Ruth Wishart is a journalist, broadcaster and commentator with a prominent place in Scottish public and cultural life. She has a great talent for facilitating debate and action in the field of ethics, the arts and in social policy and has served as a trustee or board member for many arts organizations. Ruth went almost straight into journalism after leaving school, and has learned her trade through the constant discipline of writing for deadlines ever since.
WE meet Johann on a very balmy August morning at The Wedge, which is a community resource centre situated in Greater Pollock, and our interview convenes in an large open plan meeting room that over looks a very busy traffic intersection. This building is Johann’s contact base within her Glasgow Pollok Constituency, when she is not working from her office within the Scottish Parliament in Edinburgh. Johann Lamont has been the MSP (member of the Scottish Parliament) for her constituency since 1999, with currently responsibilities as deputy leader for the Labour party in the Parliament as well as being spokesperson on Communities, Equal Opportunities and Housing.
Jean McFadden has been involved in local politics and in teaching all her life. She was the first female leader of Glasgow City Council (from 1979), and now in her seventies, Jean is still a working councillor for Glasgow ward: Garscadden/Scotstounhill.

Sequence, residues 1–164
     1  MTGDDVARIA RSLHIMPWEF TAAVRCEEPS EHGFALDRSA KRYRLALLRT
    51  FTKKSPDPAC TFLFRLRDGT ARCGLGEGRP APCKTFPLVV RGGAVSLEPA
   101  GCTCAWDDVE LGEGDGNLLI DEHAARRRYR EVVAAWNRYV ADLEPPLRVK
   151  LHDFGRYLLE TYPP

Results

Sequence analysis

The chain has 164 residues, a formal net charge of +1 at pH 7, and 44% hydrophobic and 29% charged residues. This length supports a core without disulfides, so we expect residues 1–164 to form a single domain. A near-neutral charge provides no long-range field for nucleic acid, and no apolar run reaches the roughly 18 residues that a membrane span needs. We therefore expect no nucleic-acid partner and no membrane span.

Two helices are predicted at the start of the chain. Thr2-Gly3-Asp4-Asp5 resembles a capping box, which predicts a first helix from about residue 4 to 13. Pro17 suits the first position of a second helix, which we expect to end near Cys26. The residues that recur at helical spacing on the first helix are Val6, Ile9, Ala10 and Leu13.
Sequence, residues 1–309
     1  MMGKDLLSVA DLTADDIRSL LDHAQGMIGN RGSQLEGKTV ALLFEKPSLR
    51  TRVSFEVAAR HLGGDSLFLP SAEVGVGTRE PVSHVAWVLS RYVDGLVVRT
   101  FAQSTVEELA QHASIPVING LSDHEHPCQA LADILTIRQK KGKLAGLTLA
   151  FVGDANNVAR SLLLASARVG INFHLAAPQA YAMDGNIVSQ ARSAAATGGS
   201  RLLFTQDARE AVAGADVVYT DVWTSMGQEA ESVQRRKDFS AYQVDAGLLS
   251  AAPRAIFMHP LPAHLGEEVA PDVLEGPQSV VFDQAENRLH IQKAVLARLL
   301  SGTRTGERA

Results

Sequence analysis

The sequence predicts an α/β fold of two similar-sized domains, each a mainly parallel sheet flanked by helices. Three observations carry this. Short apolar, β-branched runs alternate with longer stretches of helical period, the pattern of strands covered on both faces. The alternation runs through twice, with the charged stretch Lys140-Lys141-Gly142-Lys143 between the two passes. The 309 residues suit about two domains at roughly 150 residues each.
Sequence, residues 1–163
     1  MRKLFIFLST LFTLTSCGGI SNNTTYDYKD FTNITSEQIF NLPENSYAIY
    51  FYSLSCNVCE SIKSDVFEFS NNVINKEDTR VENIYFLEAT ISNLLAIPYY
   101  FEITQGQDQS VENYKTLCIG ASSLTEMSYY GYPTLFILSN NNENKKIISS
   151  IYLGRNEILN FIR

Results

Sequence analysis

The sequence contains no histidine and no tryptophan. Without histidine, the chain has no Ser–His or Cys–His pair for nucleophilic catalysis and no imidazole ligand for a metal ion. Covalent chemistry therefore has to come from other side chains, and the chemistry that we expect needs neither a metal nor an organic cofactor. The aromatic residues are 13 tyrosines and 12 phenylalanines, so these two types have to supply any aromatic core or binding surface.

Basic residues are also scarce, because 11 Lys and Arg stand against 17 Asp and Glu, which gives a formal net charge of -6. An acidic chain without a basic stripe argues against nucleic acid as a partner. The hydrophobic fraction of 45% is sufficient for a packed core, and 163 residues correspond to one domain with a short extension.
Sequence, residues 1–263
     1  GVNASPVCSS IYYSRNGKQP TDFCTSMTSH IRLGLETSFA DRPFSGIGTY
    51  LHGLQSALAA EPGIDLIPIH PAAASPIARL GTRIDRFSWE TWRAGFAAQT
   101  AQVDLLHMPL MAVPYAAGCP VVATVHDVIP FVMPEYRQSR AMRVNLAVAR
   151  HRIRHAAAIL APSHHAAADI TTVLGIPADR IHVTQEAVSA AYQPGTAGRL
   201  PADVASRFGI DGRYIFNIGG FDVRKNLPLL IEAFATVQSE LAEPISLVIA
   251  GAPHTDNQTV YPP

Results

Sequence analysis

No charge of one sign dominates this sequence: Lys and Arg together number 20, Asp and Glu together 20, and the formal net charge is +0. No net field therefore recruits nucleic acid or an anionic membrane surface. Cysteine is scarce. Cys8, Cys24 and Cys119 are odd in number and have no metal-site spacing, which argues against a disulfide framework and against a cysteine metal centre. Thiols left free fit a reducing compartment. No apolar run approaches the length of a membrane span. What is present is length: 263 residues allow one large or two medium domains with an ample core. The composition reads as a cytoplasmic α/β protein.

We meet in Seona’s office within the Mackintosh Building at the Glasgow School of Art. The Director’s office adjoins the first floor Mackintosh Museum, and sits above the foyer entrance, overlooking the sweep of steps on to Renfrew Street. The office/ meeting space is spaciously set out and furnished with Mackintosh pieces such as chairs/ table and writing desk. There is a small private cloakroom/ pantry and a studio space above, reached by a narrow spiral staircase, that gives the whole area the hushed secluded character of a retreat or private suite; however, that feeling is so strongly in accord with our perception of the Mackintosh’s architectural vision that it holds the host and visitor suspended in anonymity. By contrast, the choice of paintings by alumni of the School on the walls indicate more an individual mixture of personal choices.
In conversation with Sharon Thomas: painter, thinker and jester, Francesco Nevola, Apotropaic, 2009
Superstition , folk tales and myths and the influences such narrations have on our conception of reality are themain themes in the exhibition ‘Apotropaic’ opening this spring at the Museum of Religious Art, Denmark. In her work the British artist Sharon Thomas shows the storiesandmyths that we are part of and that are moulding our philosophy of life and our identity.Sharon Thomas’ charcoal drawings, paintings, and shadow installations unfold a world inhabited by characters that partly belong to the existing world in the English parishes such as Northwich, the town where Sharon was born and grew up.
Over the course of the next pages we will follow the career of one young painter, Sharon Thomas, whose work is committed to the exploration of still un-charted territories such as class, gender, identity and faith in contemporary society: a quest which, on occasion, is not without humour. In reconstructing the enigmatic and winding path this career has taken, that over the course of a decade, has led from Cheshire in England to Glasgow in Scotland and onto New York City and Rome, before returning to Glasgow where she now lives, we will in this essay, encounter Thomas’ own energetic accounts of the events that have influenced her work and, explore the main issues that animate it.